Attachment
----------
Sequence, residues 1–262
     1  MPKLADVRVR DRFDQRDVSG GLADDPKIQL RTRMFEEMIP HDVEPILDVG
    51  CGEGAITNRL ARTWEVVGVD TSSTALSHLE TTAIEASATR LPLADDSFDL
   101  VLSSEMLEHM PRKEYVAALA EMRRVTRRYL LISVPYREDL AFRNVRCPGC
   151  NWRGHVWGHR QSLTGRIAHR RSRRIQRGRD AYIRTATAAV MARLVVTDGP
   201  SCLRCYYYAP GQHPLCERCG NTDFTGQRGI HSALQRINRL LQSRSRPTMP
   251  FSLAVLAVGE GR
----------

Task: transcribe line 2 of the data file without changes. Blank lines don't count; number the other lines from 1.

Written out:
     1  MPKLADVRVR DRFDQRDVSG GLADDPKIQL RTRMFEEMIP HDVEPILDVG